CROWN Act in Kansas & Missouri
There are highly publicized cases of discrimination based on hairstyles in the workplace and schools. Talyn Jefferson, a former member of the Ottawa University cheerleading team, was kicked off of the squad due to hair discrimination. This is just one example of the vulnerability Black women face when it comes to the acceptance of our natural hair.
Unfortunately, cases like these are not rare and under current Kansas and Missouri state laws, this form of discrimination is legal - but Shirley’s KC is building a coalition to address this inequity in our region.
Shirley's KC is joining Leaders like Representative Ashley Bland-Manlove, D-Kansas City, Representative LaKeySha Bosley, D-St. Louis, Senator Barbara Anne Washington, D-Kansas City and Senator Oletha Faust-Goudeau, D-Wichita have each introduced legislation to protect individual rights and to prohibit discrimination against hairstyles based on race. View each bill below:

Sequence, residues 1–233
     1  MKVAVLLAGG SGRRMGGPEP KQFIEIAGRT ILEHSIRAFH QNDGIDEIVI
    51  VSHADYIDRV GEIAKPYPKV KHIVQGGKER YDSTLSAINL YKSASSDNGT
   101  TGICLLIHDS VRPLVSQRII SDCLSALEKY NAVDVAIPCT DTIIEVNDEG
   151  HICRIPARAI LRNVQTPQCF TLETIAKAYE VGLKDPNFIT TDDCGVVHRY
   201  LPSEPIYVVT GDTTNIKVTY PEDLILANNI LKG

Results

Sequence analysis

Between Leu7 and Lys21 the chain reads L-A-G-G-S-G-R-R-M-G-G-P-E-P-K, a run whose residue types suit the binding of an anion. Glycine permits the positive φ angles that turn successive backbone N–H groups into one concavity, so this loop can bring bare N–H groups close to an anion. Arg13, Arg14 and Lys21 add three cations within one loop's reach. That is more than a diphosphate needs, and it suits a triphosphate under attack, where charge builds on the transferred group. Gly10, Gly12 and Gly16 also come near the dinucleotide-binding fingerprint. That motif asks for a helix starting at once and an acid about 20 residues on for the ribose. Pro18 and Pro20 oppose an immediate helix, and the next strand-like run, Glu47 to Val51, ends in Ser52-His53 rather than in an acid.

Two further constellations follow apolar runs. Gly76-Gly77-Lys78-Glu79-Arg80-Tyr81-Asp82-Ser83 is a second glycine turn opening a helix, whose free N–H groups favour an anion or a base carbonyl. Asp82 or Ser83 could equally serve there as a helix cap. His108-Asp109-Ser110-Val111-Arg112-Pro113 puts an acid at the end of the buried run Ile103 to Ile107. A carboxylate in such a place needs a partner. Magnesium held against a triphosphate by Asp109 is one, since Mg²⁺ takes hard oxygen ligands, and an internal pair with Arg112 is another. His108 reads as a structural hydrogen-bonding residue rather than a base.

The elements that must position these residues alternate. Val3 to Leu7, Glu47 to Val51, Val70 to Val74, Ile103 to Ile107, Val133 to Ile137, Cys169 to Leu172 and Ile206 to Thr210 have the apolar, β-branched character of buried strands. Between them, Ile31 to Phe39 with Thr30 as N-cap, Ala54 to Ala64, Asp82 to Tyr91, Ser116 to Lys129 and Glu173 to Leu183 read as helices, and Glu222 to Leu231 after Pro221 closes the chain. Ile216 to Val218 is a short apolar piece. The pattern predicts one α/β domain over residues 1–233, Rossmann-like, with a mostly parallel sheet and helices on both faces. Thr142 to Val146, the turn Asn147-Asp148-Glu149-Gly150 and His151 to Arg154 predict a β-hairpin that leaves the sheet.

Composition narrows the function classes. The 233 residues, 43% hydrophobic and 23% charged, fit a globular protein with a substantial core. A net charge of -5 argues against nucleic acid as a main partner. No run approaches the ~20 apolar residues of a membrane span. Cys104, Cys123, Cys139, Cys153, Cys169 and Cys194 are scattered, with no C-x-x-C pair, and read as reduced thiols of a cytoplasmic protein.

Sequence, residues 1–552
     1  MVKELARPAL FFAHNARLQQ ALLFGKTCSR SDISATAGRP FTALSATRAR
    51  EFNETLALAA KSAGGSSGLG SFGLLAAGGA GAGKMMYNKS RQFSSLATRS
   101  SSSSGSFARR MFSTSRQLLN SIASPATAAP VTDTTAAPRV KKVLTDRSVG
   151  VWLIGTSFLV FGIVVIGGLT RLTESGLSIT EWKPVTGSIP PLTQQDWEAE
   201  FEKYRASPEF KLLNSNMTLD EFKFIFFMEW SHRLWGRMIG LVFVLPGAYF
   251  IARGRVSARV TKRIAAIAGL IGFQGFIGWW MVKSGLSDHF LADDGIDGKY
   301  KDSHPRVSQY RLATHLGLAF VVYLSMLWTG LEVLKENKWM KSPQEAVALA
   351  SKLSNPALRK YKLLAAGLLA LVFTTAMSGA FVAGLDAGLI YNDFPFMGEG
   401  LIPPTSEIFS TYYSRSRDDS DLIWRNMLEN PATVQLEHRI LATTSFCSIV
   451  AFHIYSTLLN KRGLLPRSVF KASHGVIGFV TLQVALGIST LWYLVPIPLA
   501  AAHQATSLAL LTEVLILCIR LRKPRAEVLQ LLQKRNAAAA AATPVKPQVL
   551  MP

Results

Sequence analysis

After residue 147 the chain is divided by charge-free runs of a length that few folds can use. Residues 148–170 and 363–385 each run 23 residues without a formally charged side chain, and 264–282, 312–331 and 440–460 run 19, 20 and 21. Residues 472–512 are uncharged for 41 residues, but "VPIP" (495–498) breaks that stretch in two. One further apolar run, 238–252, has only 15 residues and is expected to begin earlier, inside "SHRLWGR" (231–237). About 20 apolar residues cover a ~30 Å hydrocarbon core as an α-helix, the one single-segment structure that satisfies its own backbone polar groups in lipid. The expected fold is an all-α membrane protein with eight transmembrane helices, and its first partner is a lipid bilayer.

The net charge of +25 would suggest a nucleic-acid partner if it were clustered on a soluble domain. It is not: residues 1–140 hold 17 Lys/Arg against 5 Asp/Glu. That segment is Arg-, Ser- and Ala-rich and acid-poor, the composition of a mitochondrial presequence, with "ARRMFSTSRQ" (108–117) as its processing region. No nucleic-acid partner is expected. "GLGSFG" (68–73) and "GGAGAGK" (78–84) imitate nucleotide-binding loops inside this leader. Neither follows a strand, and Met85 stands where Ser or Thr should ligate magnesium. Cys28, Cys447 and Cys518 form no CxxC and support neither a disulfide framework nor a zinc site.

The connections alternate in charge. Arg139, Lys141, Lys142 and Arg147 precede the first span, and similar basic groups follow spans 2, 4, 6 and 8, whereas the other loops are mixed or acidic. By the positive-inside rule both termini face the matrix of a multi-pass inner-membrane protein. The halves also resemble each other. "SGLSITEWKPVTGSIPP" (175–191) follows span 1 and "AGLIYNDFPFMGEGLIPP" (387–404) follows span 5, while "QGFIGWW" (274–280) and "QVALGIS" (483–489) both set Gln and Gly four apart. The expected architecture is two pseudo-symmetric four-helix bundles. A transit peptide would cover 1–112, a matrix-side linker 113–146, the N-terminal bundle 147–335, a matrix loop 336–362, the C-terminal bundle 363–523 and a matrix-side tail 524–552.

Black women leaders in our region were instrumental in our work toward the successful and UNANIMOUS passage of the CROWN act in Kansas City, Missouri in the winter of 2020. The city is only the second municipality to pass it.
The CROWN Act
The bills presented by legislators in Kansas and Missouri mirror legislative measures passed in California, New York and New Jersey called the “Creating a Respectful and Open Workplace for Natural hair,”or (CROWN) Act.
Shirley’s KC is working to build a coalition of supporting organizations and individuals to advocate for protections that the CROWN Act will bring to Black people across both states. We need you and your organization to stand with us as we fight to protect against discrimination.
You can view the CROWN Research Study here.